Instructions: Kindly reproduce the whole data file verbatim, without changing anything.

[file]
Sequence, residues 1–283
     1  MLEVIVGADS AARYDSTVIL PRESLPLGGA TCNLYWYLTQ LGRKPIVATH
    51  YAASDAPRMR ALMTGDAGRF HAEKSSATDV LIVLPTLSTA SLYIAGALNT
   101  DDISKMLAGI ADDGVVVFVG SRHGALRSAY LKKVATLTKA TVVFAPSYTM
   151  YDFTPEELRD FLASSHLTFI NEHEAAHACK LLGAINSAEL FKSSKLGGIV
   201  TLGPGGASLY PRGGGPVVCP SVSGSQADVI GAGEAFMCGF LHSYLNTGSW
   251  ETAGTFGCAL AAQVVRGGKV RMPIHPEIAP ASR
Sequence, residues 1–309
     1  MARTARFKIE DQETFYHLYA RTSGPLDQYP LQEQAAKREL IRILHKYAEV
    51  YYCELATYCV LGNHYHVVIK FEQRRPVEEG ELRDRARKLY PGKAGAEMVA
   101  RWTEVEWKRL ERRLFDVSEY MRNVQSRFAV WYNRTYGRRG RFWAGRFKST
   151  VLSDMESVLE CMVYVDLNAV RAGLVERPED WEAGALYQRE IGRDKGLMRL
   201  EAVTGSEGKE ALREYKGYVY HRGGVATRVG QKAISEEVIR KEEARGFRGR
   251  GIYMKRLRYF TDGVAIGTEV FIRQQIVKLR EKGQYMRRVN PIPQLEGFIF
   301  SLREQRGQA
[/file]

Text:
Sequence, residues 1–283
     1  MLEVIVGADS AARYDSTVIL PRESLPLGGA TCNLYWYLTQ LGRKPIVATH
    51  YAASDAPRMR ALMTGDAGRF HAEKSSATDV LIVLPTLSTA SLYIAGALNT
   101  DDISKMLAGI ADDGVVVFVG SRHGALRSAY LKKVATLTKA TVVFAPSYTM
   151  YDFTPEELRD FLASSHLTFI NEHEAAHACK LLGAINSAEL FKSSKLGGIV
   201  TLGPGGASLY PRGGGPVVCP SVSGSQADVI GAGEAFMCGF LHSYLNTGSW
   251  ETAGTFGCAL AAQVVRGGKV RMPIHPEIAP ASR
Sequence, residues 1–309
     1  MARTARFKIE DQETFYHLYA RTSGPLDQYP LQEQAAKREL IRILHKYAEV
    51  YYCELATYCV LGNHYHVVIK FEQRRPVEEG ELRDRARKLY PGKAGAEMVA
   101  RWTEVEWKRL ERRLFDVSEY MRNVQSRFAV WYNRTYGRRG RFWAGRFKST
   151  VLSDMESVLE CMVYVDLNAV RAGLVERPED WEAGALYQRE IGRDKGLMRL
   201  EAVTGSEGKE ALREYKGYVY HRGGVATRVG QKAISEEVIR KEEARGFRGR
   251  GIYMKRLRYF TDGVAIGTEV FIRQQIVKLR EKGQYMRRVN PIPQLEGFIF
   301  SLREQRGQA